One reason why you can think about using a custom state store is the performance issues, or rather unpredictable execution time due to the shared memory between the default state store implementation and Apache Spark task execution. To overcome that, you can try to switch the state store implementation to an off-heap-based one, like RocksDB.
RocksDB is not the single available embedded database used by modern data systems. Among its alternatives, you will find Badger (data store used for DGraph database, written in Go) or FASTER (persistent recoverable log and key-value store from Microsoft Research). Maybe sometime in the future, they will also be available for Apache Spark users. For now, RocksDB seems to be the most interesting alternative to the default state store thanks to its 2 Open Source implementation and native support on the Databricks platform. That's the reason why I will focus on it here.
According to Optimize performance of stateful streaming queries section from Databricks documentation, RocksDB reduces the JVM memory pressure significantly. According to this study, the default HashMap-based state store can keep up to 2 million keys per executor (per JVM), whereas the RocksDB-based store works efficiently even with 100 million states! Moreover, it doesn't impact in any way the GC process. But please don't get me wrong, it's not a silver bullet and has some drawbacks listed in the next section. However, before going there, let's focus on the RocksDB and understand how it works.
Below you can find a list of few key-terms characterizing RocksDB:
- MemTable - every record written to or read from RocksDB passes first through this MemTable structure. It will be then the place in the memory storing all most recent writes that can significantly improve the reading of the most recent entries.
- SSTable - but the MemTable is not the final structure. After all, it's an in-memory structure and the data can be lost in case of failure. That's why, when there is too much data buffered, the pending records are flushed to a disk structure called SSTable. Data in SSTable is stored in key-value fashion. The keys are sorted so that records find the corresponding key-value pairs with efficient binary search algorithm.
- Write Ahead Log - in addition to MemTable, there is another place writing input records before they're synchronized to SSTable files. WAL is a file so it's the place that RocksDB will use in case of any failure to restore the pending records, lost from the MemTable structure. But the WAL won't store the records indefinitely. Once a max size of WAL file is reached, all records are moved to the SSTable file and a new WAL file is created to accept the new writes.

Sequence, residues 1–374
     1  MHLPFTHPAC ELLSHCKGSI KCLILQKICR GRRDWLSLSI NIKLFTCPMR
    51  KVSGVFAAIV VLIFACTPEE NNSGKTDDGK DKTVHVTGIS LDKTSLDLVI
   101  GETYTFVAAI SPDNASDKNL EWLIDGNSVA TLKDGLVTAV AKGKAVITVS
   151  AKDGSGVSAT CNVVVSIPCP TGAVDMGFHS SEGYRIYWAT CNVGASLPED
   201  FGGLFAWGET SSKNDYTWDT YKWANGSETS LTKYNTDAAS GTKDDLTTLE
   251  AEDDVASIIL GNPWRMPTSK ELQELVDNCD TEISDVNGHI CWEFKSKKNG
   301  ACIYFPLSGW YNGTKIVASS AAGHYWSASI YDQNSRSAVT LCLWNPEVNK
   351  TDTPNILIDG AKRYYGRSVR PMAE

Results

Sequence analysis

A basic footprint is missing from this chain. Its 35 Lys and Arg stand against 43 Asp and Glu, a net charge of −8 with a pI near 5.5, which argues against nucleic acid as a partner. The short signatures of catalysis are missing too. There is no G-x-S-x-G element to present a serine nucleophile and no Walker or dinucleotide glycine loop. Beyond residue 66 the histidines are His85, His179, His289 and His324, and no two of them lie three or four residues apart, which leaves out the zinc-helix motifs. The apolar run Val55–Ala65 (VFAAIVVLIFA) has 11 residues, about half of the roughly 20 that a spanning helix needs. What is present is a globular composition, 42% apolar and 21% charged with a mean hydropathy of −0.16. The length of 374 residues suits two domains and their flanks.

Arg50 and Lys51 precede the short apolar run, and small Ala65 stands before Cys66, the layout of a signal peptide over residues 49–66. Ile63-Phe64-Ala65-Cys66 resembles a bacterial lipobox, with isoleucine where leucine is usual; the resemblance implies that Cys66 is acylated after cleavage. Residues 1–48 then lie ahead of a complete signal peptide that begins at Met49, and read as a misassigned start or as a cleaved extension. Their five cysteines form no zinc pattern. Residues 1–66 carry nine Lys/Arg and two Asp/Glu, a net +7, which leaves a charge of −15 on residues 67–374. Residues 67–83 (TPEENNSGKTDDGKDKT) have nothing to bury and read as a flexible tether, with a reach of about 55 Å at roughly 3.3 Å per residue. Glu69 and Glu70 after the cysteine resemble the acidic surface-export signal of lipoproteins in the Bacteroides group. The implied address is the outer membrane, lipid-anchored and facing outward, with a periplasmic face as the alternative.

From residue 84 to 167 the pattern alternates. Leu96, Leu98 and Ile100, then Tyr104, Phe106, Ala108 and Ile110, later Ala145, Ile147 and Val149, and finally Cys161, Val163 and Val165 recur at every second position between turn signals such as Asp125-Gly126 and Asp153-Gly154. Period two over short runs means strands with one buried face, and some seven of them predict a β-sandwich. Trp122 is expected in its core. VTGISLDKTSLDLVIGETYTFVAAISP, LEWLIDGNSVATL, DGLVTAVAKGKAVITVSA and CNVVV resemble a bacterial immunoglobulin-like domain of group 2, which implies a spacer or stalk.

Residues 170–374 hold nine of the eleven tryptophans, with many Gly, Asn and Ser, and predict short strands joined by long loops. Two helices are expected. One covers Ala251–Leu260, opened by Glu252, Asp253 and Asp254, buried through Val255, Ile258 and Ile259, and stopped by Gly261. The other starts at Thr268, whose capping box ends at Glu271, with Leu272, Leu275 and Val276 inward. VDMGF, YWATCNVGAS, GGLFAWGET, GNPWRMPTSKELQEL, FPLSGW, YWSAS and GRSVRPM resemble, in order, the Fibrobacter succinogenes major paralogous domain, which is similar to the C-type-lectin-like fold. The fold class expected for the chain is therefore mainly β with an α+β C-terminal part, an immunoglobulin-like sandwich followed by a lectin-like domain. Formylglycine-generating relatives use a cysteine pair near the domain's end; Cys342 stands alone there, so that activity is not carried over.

- LSM trees - a structure used in the compaction process.
- Bloom filters - to optimize the query time, RocksDB uses Bloom filter, so a probabilistic data structure that can say whether the searched key is present or not in a given SSTAble file.
- transaction support - Structured Streaming's state store is transactional, ie. it exposes a commit/abort method to confirm or cancel all changes performed in the given state store version. RocksDB is transactional too, including the commit and rollback support.
- checkpoints - RocksDB has also an operational feature to perform the checkpoints, so to take the whole database at time t and write it into a separate directory. It's then the fault-tolerance mechanism that you can find also in Apache Spark and other data systems.
- SSD-optimized - RocksDB was also optimized for SSD-based workloads. Compared to LevelDB and according to the first benchmarks made by Facebook, RocksDB performed 10 times better the random write workload.
Pros and cons
As you could already learn, RocksDB helps reduce the memory pressure on the JVM used to execute the executor's tasks. Their execution shouldn't be disturbed by the GC collection applied on the task and state store objects. Thus the execution time should be more predictable. An alternative to the embedded databases could be remote fast-access key-value data stores. However, the cost of bringing data back to the worker nodes can be costly and not adapted to the low latency streaming scenarios.
This on-heap vs. off-heap isolation is then a good way to accelerate the processing. However, it doesn't come without cost. The off-heap memory won't deal with Java objects, so we will have to serialize/deserialize them to/from an array of bytes. And this operation can also be costly. In the "In support of workload-aware streaming state management" paper quoted below this article, you will find that data processing frameworks can spend up to 1/5 of their time on this serialization/deserialization task.
As you can see, RocksDB, and more generally an embedded off-heap-based database, can be a great way to reduce the memory pressure for stateful applications. And if you encounter the performance issues that are maybe related to the on-heap state store, you can try to overcome it with Databricks RocksDB or one of 2 Open Source implementations (, ) 💪